The following is the first aid that can be done when seeing a patient who is suspected of suffering from shock:
- Lay the patient down slowly.
- Do not move or move the patient unless necessary.
- Loosen or loosen tight clothing.
- Check pulse and heart rate. If the victim is not breathing or there is no pulse, perform cardiopulmonary resuscitation ( CPR ).
- Give the sufferer a blanket, to warm and comfort him.
- Do not give the sufferer to drink or eat.
- Immediately give epinephrine in the form of an autoinjector if the shock is caused by an allergy and if the patient is found to be carrying this injection.
- Cover and stuff the bleeding area with a towel or cloth if the patient is bleeding.
- If the patient experiences vomiting or bleeding from the mouth, change the position to the side to avoid choking.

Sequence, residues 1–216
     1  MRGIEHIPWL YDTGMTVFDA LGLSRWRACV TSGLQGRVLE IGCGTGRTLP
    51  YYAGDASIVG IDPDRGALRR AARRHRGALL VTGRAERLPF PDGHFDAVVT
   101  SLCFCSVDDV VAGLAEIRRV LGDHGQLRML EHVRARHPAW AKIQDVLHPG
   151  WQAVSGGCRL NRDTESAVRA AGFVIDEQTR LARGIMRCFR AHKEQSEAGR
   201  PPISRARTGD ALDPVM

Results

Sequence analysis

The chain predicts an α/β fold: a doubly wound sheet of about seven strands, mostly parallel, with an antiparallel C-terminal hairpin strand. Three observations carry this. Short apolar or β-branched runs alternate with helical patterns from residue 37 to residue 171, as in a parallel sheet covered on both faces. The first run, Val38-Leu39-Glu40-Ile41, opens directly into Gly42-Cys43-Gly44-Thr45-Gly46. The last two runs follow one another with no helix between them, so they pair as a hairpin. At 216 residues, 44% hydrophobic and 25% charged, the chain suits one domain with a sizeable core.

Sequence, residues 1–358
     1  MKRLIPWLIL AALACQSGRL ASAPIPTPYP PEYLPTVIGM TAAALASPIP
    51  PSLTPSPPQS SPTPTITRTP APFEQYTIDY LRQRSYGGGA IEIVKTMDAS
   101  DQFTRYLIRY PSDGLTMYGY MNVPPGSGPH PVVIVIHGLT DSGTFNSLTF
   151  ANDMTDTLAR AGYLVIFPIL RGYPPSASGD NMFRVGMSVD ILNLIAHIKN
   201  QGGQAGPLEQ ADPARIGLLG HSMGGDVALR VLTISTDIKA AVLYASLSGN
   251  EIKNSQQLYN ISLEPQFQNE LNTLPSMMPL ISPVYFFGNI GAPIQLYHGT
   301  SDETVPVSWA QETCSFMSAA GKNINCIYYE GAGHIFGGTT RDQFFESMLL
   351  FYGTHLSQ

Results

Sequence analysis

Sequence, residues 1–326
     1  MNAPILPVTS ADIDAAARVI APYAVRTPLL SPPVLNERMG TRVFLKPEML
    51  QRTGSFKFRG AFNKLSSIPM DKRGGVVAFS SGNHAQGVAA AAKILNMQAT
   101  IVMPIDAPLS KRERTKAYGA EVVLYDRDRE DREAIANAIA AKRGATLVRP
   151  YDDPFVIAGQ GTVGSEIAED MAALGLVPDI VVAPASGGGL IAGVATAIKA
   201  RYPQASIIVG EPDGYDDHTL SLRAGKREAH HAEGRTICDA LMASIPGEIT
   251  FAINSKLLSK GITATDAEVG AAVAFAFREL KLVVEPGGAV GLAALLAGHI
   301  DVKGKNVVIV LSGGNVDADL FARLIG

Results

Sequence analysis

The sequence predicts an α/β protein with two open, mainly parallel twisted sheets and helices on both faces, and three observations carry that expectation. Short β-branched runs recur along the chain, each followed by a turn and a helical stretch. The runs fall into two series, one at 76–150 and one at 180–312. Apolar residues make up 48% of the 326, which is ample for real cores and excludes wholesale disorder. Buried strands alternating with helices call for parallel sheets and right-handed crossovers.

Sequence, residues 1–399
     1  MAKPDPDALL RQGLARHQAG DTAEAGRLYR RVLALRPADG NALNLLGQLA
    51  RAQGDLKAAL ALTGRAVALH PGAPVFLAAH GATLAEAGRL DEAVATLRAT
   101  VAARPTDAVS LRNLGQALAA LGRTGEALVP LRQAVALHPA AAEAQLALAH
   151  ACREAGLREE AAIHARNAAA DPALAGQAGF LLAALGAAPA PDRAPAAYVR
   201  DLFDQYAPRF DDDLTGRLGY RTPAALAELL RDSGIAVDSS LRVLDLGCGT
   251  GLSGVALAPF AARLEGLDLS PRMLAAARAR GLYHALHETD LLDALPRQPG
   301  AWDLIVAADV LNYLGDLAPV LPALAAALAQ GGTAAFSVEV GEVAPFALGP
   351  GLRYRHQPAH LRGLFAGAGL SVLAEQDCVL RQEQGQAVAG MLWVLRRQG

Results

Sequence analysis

Once treated by medical personnel, the patient will receive emergency treatment until his condition is stable. Actions that can be taken include:
- Administering fluid infusion ( fluid resuscitation )
- Oxygen administration
- Opening of the airway
- Administration of drugs to restore blood pressure and regulate heart rate, such as norepinephrine
Further treatment will be done based on the type of shock and the cause of the shock, namely:
Hypovolemic shock caused by bleeding can be overcome with blood transfusion . However, if the bleeding cannot be controlled, the doctor can perform surgery to stop the bleeding when the patient's condition is stable.
Cardiogenic shock is treated by giving drugs that work to improve the heart's pump. These types of drugs are dopamine or dobutamine .